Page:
Clyburn predicts 'up to' one-year patch to fiscal cliff issues during lame duck

A leading House Democrat is predicting that Congress will enact a patch to the fiscal cliff issues that will stretch as long as a year.

Rep. James Clyburn (S.C.), the third-ranking House Democrat, suggested the long list of issues involved in the looming cliff set to hit next year – including a host of expiring tax benefits, a plunge in Medicare payments to physicians and a huge cut in spending on defense and other non-military programs – is simply too controversial to wrap up in the short window Congress will have in the lame duck.

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Regardless of whether President Obama wins reelection or Mitt Romney takes the White House, Clyburn said, "the intractable problems remain."

"The fact of the matter is, we are all going to have a lame-duck session," Clyburn said Tuesday during an appearance on Fox News Channel's "Your World" program. "I think that lame-duck session will yield some kind of a temporary fix in order to give us the time we need to do things of a more permanent nature."

Pressed by Fox's Neil Cavuto on how long the temporary fix might be, Clyburn said, "I think up to, maybe, around a year."

A number of Capitol Hill lawmakers have hoped the two parties could come together after the elections to pass a long-term budget grand bargain rather than kicking it down the road. But Clyburn's remarks are the latest indication that leaders in both parties are losing hope about that possibility.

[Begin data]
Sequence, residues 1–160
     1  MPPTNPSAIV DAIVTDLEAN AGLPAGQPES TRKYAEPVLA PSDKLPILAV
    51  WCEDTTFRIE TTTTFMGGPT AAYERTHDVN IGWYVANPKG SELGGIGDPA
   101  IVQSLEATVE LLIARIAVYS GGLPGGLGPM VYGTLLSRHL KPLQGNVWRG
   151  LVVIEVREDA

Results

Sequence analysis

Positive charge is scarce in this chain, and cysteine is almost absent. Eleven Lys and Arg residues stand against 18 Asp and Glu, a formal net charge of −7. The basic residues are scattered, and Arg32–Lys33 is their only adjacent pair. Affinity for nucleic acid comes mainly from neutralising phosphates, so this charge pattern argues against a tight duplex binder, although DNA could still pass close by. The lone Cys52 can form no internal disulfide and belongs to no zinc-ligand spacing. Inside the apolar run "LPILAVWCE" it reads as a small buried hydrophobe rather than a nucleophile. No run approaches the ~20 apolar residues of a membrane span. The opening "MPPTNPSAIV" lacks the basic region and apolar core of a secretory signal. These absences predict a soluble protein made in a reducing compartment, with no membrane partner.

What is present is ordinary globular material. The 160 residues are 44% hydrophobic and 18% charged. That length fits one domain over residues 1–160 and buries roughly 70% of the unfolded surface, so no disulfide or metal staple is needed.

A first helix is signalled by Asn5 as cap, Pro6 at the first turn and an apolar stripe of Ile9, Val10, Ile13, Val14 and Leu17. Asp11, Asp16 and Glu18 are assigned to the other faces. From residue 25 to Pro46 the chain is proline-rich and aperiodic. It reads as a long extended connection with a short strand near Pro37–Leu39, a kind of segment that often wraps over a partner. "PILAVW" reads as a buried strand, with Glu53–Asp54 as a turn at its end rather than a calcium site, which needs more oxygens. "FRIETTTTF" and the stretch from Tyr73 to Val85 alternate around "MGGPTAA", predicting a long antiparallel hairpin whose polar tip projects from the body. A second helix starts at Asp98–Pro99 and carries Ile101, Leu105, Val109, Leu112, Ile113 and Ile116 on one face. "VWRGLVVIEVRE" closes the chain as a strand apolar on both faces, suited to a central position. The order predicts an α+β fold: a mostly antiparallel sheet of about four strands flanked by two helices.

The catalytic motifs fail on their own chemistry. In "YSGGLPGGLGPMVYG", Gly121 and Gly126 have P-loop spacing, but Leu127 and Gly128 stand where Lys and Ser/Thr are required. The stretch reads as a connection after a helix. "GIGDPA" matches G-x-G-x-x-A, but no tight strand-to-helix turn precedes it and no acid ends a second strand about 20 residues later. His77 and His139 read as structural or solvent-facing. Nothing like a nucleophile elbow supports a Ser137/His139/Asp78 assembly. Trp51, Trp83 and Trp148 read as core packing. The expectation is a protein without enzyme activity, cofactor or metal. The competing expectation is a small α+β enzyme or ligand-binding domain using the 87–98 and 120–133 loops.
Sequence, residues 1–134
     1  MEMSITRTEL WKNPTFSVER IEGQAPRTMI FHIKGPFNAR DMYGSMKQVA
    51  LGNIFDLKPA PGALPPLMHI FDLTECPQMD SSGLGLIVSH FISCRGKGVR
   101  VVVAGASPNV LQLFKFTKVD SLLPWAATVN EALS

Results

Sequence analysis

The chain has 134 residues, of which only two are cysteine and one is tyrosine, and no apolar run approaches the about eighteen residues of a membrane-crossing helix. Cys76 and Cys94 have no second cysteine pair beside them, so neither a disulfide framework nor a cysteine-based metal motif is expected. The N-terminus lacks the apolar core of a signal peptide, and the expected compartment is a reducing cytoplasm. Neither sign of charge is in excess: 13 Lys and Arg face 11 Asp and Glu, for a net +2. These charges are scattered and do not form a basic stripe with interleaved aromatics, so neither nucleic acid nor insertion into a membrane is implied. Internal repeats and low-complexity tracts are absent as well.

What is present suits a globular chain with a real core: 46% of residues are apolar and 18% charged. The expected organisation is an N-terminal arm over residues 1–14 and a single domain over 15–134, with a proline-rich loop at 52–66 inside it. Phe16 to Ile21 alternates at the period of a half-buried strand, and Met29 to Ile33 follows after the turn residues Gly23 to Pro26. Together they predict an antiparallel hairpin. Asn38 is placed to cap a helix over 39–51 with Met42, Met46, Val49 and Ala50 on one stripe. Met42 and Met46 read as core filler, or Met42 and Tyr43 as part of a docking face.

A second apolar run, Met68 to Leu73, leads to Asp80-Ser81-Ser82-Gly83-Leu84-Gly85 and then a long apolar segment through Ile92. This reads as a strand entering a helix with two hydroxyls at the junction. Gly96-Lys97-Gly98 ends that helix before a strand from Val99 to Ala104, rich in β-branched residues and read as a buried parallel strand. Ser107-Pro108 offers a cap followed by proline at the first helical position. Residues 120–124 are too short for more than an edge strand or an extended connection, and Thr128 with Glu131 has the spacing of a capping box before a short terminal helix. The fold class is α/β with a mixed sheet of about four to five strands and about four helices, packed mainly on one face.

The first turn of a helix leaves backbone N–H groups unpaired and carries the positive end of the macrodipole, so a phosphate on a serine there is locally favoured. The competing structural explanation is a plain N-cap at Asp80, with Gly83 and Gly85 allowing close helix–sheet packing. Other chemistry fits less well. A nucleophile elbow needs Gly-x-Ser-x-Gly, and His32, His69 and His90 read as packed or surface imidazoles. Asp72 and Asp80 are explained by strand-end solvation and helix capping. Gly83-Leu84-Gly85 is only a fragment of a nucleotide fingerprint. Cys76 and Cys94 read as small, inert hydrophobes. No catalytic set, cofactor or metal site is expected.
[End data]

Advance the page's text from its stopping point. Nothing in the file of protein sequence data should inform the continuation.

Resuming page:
Indeed, House Speaker John Boehner (R-Ohio) said Sunday that he's not interested in anything larger than a temporary fix to the fiscal cliff in the lame duck.

"Lame-duck Congresses aren't known for doing big things and probably shouldn't do big things, so I think the best you can hope for is a bridge," Boehner told CNN.

Clyburn, for his part, is predicting Congress will unite to avoid the cliff, but emphasized that much is hinging on what happens at the polls Tuesday.

"The results of this election I think will dictate what kind of a one-year fix we will do. I don't know of anyone who believes that we don't need to overhaul our tax code. People know that. Both candidates think that we need to do that," he said.

"You can not do that in a lame-duck session. You need time, you need to have hearings and you need the committees need to do their work and that will take a lot of time. But we cannot wait on the committees to do all that work without something being done to avoid the cliff."